An All-in-One Guide to Finding a Mentor

Written by Rebecca Fraser-Thill Business man shows success abstract flow chart

What's all this hype about having a mentor?

Today we'll break it down, one question at a time.

Why Bother?

First, the obvious question:  is the "mentor search" worth the energy? In a word, yes.

People who have mentors tend to get salary increases and promotions faster than workers who don't have mentors. Graduate students in psychology report that peers who have mentors meet more influential people, move faster through the program, have a better sense of direction, and present at national conferences more often.

Although men seem to benefit from mentorship more than women do, women are in greater need of mentors because they still occupy fewer high level positions. It's a shame, then, that Levo League found 95% of Gen Y women have never looked for a mentor.

What Type of Person Isn't a Good Mentor?

Overstretched people make the worst mentors.

They may seem like they have it all - family, career, local fame - and you want to know how they do it. Since they have so much going on, though, they probably don't have the time to give you the mentoring relationship you need.

For instance, Marissa Mayer, CEO of Yahoo!, may seem like an interesting mentor given her high-profile career/family juggling, but with all she's got going on, how much time for mentoring does she actually have?

Who Makes a Good Mentor?

On the flipside, the best mentor may be someone who is just a few years or levels ahead of you in the industry.

You might think they don’t know “enough” but in fact they're more attuned to your needs because they just went through what you're facing. Plus, they usually have more time than more senior colleagues to devote to you.

For instance, the guy who is a late draft pick to the Patriots shouldn’t look to Tom Brady for mentoring, but rather to the guy who rode the bench "well" last season.

What Can I Expect of a Mentor?

Let's start with what NOT to expect:  weekly meetings. Sheryl Sandberg, CEO of Facebook, writes about this in a chapter on mentorship in Lean In:

“That’s not a mentor, that’s a therapist.”

Instead, use your occasional time with your mentor to problem solve. Come in with a clear and specific issue you want to address and ask your mentor to help come up with possible solutions.

Also, keep in mind that you can get great problem-solving help from one-off mentors, which Jenny discusses in her post The Best Way to Thank a Mentor.

Where Can I Find a Mentor?

Look local. Often your best mentor is right in your existing network, or directly adjacent to it.

He or she may even be a relationship you’ve already built – a teacher, former boss, colleague – but that you just need to re-invigorate and label “mentor” in your own mind.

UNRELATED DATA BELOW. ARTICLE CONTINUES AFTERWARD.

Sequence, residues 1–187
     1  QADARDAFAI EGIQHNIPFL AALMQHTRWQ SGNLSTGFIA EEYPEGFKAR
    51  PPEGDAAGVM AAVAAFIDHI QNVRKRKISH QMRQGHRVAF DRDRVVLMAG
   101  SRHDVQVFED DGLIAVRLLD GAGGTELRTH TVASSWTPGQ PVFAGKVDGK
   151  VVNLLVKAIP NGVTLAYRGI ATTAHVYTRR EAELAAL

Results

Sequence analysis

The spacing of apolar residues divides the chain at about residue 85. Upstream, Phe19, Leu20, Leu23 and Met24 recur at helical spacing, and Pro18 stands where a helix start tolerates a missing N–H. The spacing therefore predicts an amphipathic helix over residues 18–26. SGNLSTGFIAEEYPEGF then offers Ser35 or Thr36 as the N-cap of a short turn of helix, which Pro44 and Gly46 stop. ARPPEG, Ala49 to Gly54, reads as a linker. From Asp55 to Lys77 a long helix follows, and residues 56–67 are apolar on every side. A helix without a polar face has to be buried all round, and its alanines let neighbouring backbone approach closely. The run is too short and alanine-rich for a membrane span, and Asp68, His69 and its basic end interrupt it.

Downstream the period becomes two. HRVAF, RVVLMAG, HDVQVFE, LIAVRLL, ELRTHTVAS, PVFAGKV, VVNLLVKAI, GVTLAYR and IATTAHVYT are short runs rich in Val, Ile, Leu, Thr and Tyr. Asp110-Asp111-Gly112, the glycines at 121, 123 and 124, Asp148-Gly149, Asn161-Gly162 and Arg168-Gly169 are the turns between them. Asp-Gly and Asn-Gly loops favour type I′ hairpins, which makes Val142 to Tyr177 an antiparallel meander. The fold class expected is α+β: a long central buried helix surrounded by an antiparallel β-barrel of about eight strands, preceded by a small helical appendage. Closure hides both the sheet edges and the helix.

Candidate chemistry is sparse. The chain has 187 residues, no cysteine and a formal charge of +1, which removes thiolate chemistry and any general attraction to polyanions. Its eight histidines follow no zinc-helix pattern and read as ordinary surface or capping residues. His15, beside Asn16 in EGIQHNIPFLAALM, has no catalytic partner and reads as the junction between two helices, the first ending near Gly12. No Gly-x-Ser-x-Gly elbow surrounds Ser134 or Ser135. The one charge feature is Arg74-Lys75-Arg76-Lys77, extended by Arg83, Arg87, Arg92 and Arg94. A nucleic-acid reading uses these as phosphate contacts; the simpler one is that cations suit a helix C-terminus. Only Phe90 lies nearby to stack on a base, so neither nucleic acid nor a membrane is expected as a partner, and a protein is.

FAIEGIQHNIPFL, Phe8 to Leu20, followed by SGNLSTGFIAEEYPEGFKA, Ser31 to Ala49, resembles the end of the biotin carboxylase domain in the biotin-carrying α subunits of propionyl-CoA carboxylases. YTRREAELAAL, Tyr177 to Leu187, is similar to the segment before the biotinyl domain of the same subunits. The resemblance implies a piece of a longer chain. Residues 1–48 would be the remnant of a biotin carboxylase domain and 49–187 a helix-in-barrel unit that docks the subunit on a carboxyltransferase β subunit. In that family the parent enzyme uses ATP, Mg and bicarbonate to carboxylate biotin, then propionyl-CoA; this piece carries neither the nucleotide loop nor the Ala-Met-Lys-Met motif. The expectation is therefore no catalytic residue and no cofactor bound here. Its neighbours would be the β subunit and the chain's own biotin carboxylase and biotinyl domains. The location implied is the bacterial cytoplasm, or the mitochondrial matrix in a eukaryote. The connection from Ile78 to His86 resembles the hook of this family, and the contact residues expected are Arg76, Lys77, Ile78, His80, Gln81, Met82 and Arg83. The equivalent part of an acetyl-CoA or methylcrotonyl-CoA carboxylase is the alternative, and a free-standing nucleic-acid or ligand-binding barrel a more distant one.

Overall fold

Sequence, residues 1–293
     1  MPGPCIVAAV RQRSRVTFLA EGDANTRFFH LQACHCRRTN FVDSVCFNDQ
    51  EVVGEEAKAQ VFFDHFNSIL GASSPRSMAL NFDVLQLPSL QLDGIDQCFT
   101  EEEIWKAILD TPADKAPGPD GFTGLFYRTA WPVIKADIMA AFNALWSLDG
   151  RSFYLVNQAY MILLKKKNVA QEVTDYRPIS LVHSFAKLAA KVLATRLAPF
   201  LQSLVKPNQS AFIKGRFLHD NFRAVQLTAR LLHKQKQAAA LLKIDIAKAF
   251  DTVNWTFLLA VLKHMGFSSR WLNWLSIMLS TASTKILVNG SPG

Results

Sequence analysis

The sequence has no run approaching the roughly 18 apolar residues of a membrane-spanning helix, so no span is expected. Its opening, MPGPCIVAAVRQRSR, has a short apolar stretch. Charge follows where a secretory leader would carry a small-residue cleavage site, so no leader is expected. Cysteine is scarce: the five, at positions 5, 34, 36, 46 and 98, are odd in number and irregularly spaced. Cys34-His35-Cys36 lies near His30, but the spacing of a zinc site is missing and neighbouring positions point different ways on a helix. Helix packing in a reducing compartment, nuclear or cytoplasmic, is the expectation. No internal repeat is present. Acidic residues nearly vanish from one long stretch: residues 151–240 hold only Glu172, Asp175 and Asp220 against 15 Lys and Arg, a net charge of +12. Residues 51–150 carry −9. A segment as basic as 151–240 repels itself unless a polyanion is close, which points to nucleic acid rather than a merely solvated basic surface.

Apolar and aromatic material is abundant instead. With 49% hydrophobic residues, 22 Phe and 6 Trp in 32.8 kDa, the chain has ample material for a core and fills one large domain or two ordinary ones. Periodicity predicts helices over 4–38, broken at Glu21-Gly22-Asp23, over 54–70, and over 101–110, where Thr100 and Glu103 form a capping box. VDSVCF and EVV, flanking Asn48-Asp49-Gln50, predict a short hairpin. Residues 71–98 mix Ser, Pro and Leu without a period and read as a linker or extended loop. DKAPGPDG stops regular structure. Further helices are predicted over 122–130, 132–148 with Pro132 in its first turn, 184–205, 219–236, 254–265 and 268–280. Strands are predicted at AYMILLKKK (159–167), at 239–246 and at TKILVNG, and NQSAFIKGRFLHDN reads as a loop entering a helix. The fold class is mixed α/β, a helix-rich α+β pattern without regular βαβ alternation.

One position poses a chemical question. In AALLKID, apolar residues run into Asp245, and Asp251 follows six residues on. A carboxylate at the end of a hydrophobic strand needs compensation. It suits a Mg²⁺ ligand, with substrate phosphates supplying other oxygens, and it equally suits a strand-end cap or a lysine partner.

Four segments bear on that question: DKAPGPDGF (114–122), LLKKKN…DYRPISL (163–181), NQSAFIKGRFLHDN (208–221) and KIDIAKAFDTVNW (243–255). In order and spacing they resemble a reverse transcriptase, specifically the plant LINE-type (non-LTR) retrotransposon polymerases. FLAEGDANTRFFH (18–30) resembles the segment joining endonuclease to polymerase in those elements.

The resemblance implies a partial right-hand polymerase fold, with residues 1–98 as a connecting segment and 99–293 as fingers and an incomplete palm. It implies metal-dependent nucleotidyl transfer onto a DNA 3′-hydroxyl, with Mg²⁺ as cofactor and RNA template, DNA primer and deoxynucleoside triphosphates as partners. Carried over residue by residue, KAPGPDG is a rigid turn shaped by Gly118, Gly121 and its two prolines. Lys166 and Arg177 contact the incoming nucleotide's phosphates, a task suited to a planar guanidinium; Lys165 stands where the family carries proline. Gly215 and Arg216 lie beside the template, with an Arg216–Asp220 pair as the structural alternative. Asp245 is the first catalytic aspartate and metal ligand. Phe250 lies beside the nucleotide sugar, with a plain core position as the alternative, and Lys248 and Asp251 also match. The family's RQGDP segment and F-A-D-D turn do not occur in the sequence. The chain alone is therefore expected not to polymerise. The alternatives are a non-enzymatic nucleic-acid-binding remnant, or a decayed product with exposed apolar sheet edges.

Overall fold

How Should I Approach a Mentor?

Don’t ever ASK for a “mentor.” Just start building a relationship!

Sheryl Sandberg writes that being asked to be someone's mentor is her big pet peeve:

“If someone has to ask the question ‘Are you my mentor?’ the answer is probably no.”

There are 3 ways to approach a mentor, depending on your situation:

  • If you're looking for an internship, ask up front whether the position will set up a mentorship for you. If not, you might look elsewhere for a better internship, or else actively negotiate the inclusion of a mentor.
  • If you're looking for a mentor in your workplace, make an effort to stop by and chat with the individual once in a while (in an unobtrusive way!) and perhaps to invite him or her to coffee or lunch - when you have a specific problem in mind that you need advice about.
  • If you're looking to change careers and want to find a mentor in another industry, informational interviewing is a good first step.

How Can I Retain a Mentor?

Once you have a mentor, how can you keep him or her active in your life? Three pieces of advice:

1.  Be your best! In Lean In, Sheryl Sandberg cites research showing that mentors select mentees based on "performance and potential." This leads her to the following advice:

“Excel and you will get a mentor”

2.  Be open to feedback! If you won’t listen, a mentor will not keep working with you.

3.  Don't complain! You don't want your mentor to feel like seeing you is a drag. It's one thing to ask for advice, it's another to rehash every awful piece of workplace politics. Stay positive and you'll have a mentor who isn't just putting up with you, but who looks forward to assisting you for the long haul.

We’d love to hear from you in the comments below: Do you have a mentor? If so, how did you find him or her? If not, how do you think having one might help you?

Photo Credit: ffaalumni

Fraser-Thill_squareAbout Rebecca

Rebecca Fraser-Thill is the founder of Working Self, a site that helps twentysomethings create meaningful work - that actually pays the bills!She teaches psychology at Bates College and is one half of the Life After College coaching team. Follow her @WorkingSelf.